Blum also stressed that the expanded border mission will not come at the expense of fighting terrorism abroad or providing disaster relief, other missions that have strained the Guard.

"There are three glass balls we have to manage or juggle . . . we can certainly do what is being asked by our commander in chief with about 2 percent of my force structure," he said.

McHale said yesterday that the Guard's core missions will include using helicopters and ground sensors to detect illegal border crossing, building barriers and roads, and medical and logistics support. Active-duty forces may be called for certain "niche capabilities," as well as civilian contractors. The military will seek reimbursement for its costs, he said.

About 90 percent of the 12,000-member U.S. Border Patrol work on the southern border, twice as many as a decade ago. But the buildup has only driven up the cost of each arrest and reduced the chances that an illegal immigrant is caught, researchers said, while the number of those living inside the United States doubled to nearly 12 million.

T.J. Bonner, president of the National Border Patrol Council, the agents union, said: "It's going to have very little effect. . . . This is a smoke screen, a diversion."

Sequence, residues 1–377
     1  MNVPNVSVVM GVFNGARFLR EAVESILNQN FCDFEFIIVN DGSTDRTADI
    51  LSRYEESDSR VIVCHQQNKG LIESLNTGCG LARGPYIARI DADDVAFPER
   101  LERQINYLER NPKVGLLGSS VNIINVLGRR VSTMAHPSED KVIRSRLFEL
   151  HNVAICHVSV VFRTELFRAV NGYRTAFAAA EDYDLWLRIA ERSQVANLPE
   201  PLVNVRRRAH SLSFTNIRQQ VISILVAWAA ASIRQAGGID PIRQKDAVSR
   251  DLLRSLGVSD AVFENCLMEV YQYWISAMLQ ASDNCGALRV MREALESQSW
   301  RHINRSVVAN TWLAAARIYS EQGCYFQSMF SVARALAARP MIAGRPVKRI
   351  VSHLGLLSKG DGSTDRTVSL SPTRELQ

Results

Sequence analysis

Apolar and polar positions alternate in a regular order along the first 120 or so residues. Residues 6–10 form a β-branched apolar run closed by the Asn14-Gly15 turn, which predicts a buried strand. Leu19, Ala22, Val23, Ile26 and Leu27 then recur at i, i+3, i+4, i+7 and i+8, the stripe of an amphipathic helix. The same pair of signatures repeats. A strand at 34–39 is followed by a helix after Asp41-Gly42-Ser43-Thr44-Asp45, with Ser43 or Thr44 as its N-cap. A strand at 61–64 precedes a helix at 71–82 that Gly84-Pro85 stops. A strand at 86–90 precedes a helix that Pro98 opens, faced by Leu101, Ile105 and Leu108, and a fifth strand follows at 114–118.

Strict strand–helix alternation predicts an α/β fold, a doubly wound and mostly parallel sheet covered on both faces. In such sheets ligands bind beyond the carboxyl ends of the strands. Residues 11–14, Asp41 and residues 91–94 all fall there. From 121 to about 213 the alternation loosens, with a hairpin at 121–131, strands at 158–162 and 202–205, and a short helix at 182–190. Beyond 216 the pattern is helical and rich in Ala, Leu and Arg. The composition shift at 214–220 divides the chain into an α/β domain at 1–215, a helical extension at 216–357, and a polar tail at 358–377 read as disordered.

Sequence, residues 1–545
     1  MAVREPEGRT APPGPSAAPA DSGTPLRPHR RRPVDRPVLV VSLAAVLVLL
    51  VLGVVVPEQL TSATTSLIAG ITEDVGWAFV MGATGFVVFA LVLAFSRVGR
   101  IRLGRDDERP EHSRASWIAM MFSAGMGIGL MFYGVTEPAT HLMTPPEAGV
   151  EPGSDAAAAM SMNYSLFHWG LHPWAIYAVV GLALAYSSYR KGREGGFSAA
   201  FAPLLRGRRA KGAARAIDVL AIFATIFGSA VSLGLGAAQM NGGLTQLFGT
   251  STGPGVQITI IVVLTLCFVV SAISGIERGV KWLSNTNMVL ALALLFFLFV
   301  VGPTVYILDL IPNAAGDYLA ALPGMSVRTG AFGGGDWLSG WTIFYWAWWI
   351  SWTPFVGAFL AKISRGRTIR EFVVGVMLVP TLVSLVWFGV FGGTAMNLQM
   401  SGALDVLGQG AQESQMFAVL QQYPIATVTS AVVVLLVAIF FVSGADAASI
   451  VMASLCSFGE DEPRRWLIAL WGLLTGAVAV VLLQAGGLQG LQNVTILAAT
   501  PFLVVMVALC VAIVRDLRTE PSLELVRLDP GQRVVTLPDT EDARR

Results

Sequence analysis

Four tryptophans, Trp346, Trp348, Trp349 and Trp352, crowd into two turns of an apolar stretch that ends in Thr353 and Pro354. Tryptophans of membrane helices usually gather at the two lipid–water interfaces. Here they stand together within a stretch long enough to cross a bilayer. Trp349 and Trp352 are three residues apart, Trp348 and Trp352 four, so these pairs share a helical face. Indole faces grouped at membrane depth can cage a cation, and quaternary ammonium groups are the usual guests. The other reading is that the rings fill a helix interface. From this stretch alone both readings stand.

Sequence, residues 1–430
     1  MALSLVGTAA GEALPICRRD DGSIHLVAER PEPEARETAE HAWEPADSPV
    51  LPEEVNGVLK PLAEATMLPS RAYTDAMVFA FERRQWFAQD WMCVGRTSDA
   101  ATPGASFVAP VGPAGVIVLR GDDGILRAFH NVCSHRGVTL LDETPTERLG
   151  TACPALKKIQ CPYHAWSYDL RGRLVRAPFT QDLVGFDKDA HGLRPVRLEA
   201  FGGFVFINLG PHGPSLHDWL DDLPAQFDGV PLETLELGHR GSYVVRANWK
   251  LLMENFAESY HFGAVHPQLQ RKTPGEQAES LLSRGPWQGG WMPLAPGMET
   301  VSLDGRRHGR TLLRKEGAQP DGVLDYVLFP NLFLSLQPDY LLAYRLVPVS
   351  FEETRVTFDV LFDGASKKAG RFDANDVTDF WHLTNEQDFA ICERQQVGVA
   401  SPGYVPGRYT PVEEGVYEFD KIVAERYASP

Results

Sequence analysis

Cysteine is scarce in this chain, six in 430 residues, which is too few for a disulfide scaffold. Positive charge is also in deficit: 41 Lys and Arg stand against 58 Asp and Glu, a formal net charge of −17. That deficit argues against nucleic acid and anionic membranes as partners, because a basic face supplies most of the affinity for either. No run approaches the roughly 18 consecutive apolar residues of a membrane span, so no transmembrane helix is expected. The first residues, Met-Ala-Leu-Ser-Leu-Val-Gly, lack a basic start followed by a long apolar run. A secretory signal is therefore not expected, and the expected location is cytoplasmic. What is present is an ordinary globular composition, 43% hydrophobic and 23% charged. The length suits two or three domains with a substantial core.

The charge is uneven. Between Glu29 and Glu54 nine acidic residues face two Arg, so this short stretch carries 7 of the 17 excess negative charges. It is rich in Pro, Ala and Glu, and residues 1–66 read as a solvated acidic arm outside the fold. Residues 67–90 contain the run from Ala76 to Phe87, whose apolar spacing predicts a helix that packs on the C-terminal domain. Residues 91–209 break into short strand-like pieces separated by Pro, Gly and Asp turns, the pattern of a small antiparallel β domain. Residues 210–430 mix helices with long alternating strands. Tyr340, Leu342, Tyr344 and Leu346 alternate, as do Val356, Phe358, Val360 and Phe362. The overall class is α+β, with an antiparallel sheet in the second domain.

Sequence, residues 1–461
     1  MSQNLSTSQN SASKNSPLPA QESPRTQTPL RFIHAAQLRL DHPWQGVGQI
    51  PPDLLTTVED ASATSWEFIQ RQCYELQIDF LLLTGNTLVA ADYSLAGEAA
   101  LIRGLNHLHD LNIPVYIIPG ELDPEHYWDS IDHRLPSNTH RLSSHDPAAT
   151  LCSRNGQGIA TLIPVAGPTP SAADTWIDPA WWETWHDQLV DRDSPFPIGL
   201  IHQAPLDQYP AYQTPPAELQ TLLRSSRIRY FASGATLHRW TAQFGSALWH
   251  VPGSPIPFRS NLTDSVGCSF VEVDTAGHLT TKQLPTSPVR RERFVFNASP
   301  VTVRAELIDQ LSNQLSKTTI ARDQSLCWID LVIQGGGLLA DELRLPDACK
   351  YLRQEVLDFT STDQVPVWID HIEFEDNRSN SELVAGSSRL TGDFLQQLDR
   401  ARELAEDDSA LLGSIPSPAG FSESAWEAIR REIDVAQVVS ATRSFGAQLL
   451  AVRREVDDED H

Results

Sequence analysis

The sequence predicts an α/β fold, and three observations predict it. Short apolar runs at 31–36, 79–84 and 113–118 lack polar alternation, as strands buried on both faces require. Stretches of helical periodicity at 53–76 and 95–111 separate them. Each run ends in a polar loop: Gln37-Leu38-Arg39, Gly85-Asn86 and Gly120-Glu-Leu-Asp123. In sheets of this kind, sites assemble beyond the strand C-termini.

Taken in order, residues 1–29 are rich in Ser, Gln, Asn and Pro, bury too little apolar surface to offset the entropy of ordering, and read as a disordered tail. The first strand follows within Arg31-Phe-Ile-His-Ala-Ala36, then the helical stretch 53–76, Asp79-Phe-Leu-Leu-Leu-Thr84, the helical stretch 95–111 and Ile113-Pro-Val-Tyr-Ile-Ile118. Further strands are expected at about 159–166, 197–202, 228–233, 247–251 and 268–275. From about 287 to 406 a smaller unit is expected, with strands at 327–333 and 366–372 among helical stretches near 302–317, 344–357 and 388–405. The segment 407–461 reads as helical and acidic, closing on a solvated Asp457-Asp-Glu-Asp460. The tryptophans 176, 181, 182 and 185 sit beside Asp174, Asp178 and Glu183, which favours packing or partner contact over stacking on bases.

"The issue is whether the National Guard is there for anything but show," said Frank D. Bean, co-director of the Center for Research on Immigration, Population and Public Policy at the University of California at Irvine.

Activists who take a harder line toward illegal immigration also said that the border security measures issued by the administration do little more than shift the focus away from the issue of removing the millions of illegal immigrants living in the United States. At the Center for Immigration Studies in Washington, which calls for stronger enforcement, Executive Director Mark Krikorian called Bush's speech "inspired by Mary Poppins -- a spoonful of border enforcement makes the amnesty go down."

He called use of National Guard troops "about number 17 on the list" of things to do, after targeting immigrant fugitives and U.S. companies that use illegal labor.

"It was insulting, really," Krikorian said. "He must think people who oppose amnesty are a bunch of troglodytes that can be induced by cosmetic measures."

But the president's proposal was deemed too tough by activists who helped organize recent demonstrations on behalf of illegal immigrants. Deepak Bhargava, executive director of the Center for Community Change, said Bush pandered to right-wing supporters who want to close the border, while activists planned a national lobbying effort today to push for a broader legalization plan.

"The message that President Bush is sending to Mexico and the countries in Central America is that Mexico is a threat to the national security of the U.S., and they need to be dealt with militarily, and migrants are seen as enemies," said Angela Sanbrano, executive director of the Central American Resource Center in Los Angeles. "It's just bad foreign policy."

Staff writers Ann Scott Tyson and Krissah Williams contributed to this report.